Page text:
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Simon Maxwell

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Too much aid to middle income countries? The EU’s aid allocation conundrum.

 

The high share of aid provided to relatively better-off middle income countries is the biggest challenge to the aid record of the European Commission - and the biggest obstacle to maintaining political support, in the UK at least, for spending nearly a fifth of our aid through Brussels.

The bias to MICs is significant. The precise numbers depend on which source and year is used. However, the UK’s annual statistical report, Statistics in Development, has a comparative table (17) which gives the share of oda to low income countries from different donors. It shows that in 2009, only 46% of aid disbursed through European institutions was to low income countries, compared with a figure for all donors of 62%, and for the UK of 72%.

A crude extrapolation from these numbers suggests that every time the UK transfers £1 from the bilateral aid programme to Brussels, 26p is taken from low income countries and given to middle or upper income countries. Given that the UK spends about £1300m through Brussels each year, the transfer from LICs to MICs amounts to as much as £340m a year. For the ECEuropean Community as a whole, spending close to €11 bn euros on official development assistance in 2010, the equivalent figure is close to €3 bn per annum ‘lost’ to low income countries – assuming that the size of the aid budget would be unaffected if the geography changed.

Who are all these MICs receiving aid from the EC? There is one category of countries which have recently graduated to middle income status, and where aid programmes are relatively easily defensible: Laos, Pakistan and Vietnam fall into this category. There is another category which offers more of a challenge, or requires a different kind of argument. Europe's top ten aid recipients include Turkey, Serbia, Kosovo, and Morocco. Turkey and Serbia, at least, are at the upper end of the middle income bracket. Other recipients (in 2010) include Algeria, China, Colombia, Croatia, Trinidad and Tobago, and Tunisia: upper middle income countries all. Actually, Trinidad and Tobago is classified as a high income country, and does not appear on the latest DACDevelopment Assistance Committee (of the OECD) list. Full details of disbursements can be found in the annual report from the European Commission on development and external spending, the latest of which covers 2010 and was published in July 2011.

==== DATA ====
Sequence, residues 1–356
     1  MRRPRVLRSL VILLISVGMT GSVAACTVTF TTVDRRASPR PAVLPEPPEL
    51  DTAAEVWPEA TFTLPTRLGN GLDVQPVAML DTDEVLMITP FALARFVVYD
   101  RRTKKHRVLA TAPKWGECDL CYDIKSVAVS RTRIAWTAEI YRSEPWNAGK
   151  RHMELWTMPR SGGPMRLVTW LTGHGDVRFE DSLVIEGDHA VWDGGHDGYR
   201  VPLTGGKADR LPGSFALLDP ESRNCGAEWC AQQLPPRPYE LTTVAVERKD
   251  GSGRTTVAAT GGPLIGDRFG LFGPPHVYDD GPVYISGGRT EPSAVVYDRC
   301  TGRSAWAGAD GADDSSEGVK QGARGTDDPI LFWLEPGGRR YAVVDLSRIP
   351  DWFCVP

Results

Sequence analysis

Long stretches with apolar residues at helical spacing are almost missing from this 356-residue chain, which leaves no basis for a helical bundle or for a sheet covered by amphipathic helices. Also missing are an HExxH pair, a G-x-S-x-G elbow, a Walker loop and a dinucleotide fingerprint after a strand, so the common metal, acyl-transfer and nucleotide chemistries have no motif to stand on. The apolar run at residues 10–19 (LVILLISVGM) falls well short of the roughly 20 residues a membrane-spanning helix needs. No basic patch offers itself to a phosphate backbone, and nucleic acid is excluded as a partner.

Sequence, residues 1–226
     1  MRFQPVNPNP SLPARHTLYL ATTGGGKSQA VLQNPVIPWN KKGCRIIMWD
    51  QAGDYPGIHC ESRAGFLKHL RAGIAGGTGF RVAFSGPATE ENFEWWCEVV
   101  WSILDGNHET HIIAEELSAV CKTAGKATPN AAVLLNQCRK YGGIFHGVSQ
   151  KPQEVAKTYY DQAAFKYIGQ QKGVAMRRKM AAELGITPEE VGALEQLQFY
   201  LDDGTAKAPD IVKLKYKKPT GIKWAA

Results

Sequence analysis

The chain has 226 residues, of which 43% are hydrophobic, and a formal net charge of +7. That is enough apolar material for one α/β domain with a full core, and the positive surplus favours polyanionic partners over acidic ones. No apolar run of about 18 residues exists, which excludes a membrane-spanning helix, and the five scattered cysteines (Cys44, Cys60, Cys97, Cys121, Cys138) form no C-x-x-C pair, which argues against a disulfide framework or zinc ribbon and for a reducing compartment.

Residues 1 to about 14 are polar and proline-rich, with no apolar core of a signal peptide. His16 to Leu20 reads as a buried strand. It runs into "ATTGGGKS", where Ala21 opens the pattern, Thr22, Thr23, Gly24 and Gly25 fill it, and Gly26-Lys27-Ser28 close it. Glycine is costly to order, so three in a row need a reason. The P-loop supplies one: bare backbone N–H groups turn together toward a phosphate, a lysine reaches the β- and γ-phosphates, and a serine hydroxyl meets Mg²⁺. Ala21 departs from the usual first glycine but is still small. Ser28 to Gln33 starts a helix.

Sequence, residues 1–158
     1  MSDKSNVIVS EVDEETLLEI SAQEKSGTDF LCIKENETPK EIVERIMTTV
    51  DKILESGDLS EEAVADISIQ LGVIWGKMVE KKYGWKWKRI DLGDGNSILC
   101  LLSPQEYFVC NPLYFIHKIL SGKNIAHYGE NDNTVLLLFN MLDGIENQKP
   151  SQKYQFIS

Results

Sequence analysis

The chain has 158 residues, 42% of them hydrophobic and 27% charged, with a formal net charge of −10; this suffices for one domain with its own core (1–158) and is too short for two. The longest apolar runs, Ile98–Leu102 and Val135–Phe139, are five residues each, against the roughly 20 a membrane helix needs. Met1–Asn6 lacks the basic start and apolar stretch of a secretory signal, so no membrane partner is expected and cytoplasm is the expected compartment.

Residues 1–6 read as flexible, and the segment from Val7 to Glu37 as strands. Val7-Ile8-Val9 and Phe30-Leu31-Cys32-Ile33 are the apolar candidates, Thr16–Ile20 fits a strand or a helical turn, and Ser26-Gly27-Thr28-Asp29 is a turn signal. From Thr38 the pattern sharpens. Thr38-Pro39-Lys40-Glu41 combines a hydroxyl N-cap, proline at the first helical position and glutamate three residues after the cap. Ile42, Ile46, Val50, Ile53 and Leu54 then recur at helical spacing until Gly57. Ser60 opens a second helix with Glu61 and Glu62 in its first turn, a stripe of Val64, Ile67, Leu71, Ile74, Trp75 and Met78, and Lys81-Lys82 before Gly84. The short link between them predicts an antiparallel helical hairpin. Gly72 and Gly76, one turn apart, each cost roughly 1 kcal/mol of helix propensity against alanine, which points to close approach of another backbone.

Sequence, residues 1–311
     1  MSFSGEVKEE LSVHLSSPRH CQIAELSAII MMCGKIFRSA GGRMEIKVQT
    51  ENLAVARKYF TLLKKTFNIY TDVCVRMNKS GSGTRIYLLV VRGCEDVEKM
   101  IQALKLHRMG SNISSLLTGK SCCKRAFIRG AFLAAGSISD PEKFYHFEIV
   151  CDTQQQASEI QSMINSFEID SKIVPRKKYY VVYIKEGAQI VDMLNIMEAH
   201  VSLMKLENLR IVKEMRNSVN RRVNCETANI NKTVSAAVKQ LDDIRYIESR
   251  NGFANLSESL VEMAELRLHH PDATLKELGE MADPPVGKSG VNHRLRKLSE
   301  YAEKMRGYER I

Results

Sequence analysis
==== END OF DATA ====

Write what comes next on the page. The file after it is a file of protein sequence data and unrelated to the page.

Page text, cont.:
What can be said about this?

First, it is important to be clear that there is no sleight of hand. All the countries listed (with the exception of Trinidad and Tobago) qualify as eligible for official development assistance (oda) under DAC rules. A new list was approved in October 2011 and is reproduced for ease of reference here. It shows that countries eligible for oda must be least-developed, ‘other low income’, lower middle income, or upper middle income, using World Bank estimates of GNI per capita, though NB in nominal terms and not adjusted for purchasing power parity. It is notable that the middle income country category spans quite a range, from $US 1000 pc to $US 12,275 pc. It is also worth pointing out that quite a few least developed countries, a UN classification which tends to lag income status, and is also broader in scope, would otherwise qualify as middle income. In fact, 18 of the 48 least developed countries fall into the middle income country category. Anyway, the point here is that the DACDevelopment Assistance Committee (of the OECD) rules are applied correctly. We will come back later to the question of whether the DACDevelopment Assistance Committee (of the OECD) rules are correct.

Second, it is obvious from the list of middle income countries receiving aid from the ECEuropean Community that many are neighbourhood countries in Eastern Europe or the Mediterranean, funded not by development cooperation instruments, including the European Development Fund, but by the Neighbourhood Instrument or the Pre-Accession Instrument. This is the case for Turkey, for example. The Neighbourhood Instrument has some of the character of a development instrument, and much of it is oda eligible. However, the high share of MICs in development cooperation is to an extent an accident of DACDevelopment Assistance Committee (of the OECD) labelling.